Six Essential Collaborative Processes for Building a Learning Organization
In this two-day course we'll focus on designing processes compatible with building a learning organization. We'll explore each of the six areas, consider six different ways any decision can be made, and address process changes that seem most likely to improve efficiency and trust while conveying a message of active working partnerships throughout the organization.
Organizations rely on individual, team, and collaborative methods from their workforce for getting work done. Management and staff are accustomed to individual and team methods, yet relatively new to the skills and processes of collaboration. Effective collaboration enables the development of untapped organizational capacities – cross-pollinating insights, expertise, knowledge, and feedback from people across levels and functions. It is this particular form of social intelligence that gives rise to and maintains a learning organization culture.
Transitioning into a learning organization is incremental. It progresses as key practices and relationships are transformed and more effective methods of learning and producing are developed and applied. Six internal processes have a defining role in expressing corporate values and culture:
- Strategic planning,
- Information sharing,
- Professional development & promotions,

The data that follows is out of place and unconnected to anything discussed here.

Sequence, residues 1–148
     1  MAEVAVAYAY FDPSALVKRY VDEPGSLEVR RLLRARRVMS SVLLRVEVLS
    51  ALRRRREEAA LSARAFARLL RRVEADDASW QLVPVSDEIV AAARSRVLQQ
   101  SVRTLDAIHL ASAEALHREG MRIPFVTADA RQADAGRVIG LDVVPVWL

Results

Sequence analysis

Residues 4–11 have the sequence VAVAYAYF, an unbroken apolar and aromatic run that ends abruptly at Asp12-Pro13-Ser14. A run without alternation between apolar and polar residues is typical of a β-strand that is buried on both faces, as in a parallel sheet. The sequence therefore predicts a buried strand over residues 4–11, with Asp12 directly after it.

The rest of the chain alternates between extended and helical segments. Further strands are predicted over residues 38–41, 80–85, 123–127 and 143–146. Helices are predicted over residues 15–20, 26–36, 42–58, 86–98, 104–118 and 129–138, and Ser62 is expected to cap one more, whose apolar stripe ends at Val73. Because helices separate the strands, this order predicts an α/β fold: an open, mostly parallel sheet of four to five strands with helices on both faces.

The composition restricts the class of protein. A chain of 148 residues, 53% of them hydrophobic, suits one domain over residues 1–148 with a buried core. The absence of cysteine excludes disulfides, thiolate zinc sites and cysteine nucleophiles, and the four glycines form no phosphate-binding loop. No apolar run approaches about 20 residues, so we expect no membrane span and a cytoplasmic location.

- Feedback and evaluation, and
- Rewards & recognition.
They are the testing grounds for seeing whether professed learning organizations indeed "walk their talk." Strong and clear messages result from how these processes are conducted – how each is planned, who's included, how and when information is shared, input is handled, decisions are made, and implementation occurs. How they are conducted affects buy-in, community, loyalty among members, and other factors key to quality, efficiency, and productivity. Each offers significant leverage for growing a self-reinforcing learning organization culture. Every decision made need not be made collaboratively. There are situations, when trust has been established and efficiency demands a decision, that non-collaborative methods of action are appropriate.
Who should attend? Although this course can be conducted with managers alone, who traditionally have controlled these six processes, it would be richer by involving non-management employees from diverse levels and functions within an organization. This non-traditional involvement would provide a working model of collaborative learning, enabling managers and staff to benefit from the unique experiences and productivity culled from collaborative work.
- A collaborative course process as a model for experiencing, building and applying collaborative skills
- A model for collaboration, a proven method that is simple and comprehensive
- Five assumptions distinguishing collaborative from top-down processes
- Four bottom-line reasons for building and sustaining collaborative relationships
- Five critical questions to ask yourself before moving forward with a plan or decision
- Practical and easy steps for improving the quality of project outcomes and buy-in
- A framework for assessing short, intermediate, and long range trade-offs when considering whether or not to collaborate
- How to re-align and integrate the governing forces of organizations and individuals Group brainstorming for ways to design an infrastructure which generates and sustains a learning organization culture
- Transforming core processes for building a culture that is highly productive and enjoyable